As mentioned above, restaurants often experience uneven cyclical business patterns that can disrupt cash flow and cause financial hardships that often lead to failure. However, with proper financing and fiscal management, many of the hardships and "uneven" financial stresses can be avoided.
In addition, tax and regulatory requirements can be overwhelming for a restaurant owner. Once again, even if a restaurant serves great food and has a robust business, even the slightest bit of mismanagement can jeopardize the entire health and future of the operation. Understanding what resources you need, including professional services and the proper financing can mean the difference in a long-standing, successful business and another first-year failure.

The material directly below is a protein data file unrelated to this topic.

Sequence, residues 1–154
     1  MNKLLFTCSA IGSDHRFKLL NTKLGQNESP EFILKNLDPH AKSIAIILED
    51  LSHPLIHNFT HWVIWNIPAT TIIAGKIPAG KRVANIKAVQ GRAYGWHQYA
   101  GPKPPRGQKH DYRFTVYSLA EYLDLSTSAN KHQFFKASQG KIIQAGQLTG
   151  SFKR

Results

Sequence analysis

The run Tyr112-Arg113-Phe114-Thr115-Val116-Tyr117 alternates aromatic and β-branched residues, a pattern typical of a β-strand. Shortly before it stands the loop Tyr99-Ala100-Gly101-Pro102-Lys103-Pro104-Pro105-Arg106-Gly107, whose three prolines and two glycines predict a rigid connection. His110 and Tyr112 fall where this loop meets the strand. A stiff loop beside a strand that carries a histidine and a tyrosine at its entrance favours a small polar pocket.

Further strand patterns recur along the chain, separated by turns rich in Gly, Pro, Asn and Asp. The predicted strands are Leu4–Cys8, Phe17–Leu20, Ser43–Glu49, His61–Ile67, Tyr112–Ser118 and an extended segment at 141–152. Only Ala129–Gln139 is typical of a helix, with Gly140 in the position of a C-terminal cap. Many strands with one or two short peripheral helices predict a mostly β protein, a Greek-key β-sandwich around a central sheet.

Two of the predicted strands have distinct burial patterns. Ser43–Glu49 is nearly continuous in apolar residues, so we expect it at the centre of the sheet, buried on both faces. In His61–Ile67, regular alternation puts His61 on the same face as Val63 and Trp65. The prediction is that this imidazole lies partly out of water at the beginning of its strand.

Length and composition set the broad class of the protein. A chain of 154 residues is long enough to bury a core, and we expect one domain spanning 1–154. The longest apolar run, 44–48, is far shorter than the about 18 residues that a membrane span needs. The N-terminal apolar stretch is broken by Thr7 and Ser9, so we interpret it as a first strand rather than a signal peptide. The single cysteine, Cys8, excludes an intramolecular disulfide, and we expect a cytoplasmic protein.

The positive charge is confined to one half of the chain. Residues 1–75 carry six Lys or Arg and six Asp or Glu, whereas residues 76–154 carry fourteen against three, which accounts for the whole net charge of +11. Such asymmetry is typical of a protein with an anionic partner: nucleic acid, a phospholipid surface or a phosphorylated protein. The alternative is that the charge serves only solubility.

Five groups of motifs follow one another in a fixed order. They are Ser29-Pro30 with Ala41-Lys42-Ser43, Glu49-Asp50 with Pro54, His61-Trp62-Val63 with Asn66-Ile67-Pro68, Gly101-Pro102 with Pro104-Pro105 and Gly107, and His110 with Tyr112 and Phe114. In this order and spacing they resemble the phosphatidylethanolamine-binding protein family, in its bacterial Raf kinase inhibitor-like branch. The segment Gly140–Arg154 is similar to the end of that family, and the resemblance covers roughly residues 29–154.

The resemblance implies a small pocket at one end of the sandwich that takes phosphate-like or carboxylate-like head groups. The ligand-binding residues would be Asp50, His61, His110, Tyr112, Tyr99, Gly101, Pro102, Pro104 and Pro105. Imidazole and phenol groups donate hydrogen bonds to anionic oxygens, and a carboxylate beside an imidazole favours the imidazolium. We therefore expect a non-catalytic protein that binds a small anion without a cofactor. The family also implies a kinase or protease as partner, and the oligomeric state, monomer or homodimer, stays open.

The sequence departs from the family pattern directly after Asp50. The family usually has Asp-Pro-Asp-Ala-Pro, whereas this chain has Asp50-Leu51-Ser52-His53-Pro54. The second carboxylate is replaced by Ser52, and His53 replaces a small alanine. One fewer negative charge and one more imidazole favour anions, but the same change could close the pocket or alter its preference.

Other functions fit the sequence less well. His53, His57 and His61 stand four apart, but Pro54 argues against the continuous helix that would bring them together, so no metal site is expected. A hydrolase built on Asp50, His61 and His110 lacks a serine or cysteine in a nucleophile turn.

Choosing the Right Restaurant Financing
So the obvious question is, "what is the right restaurant loan, and where do I apply?" The answer may surprise you. The answer could be that the right financing for your location includes several specialized loans instead of a single, general purpose loan.
Loans have become more and more specialized in the past decade. This is a benefit to restaurant-owners looking for loans because the narrow focus of the loan proceeds allows lenders and borrowers to be more precise about loan amounts, reducing unnecessary borrowing and borrowing costs. For example, when purchasing restaurant equipment, equipment financing is likely more financially suitable than a business term loan, a business credit card or a business line of credit.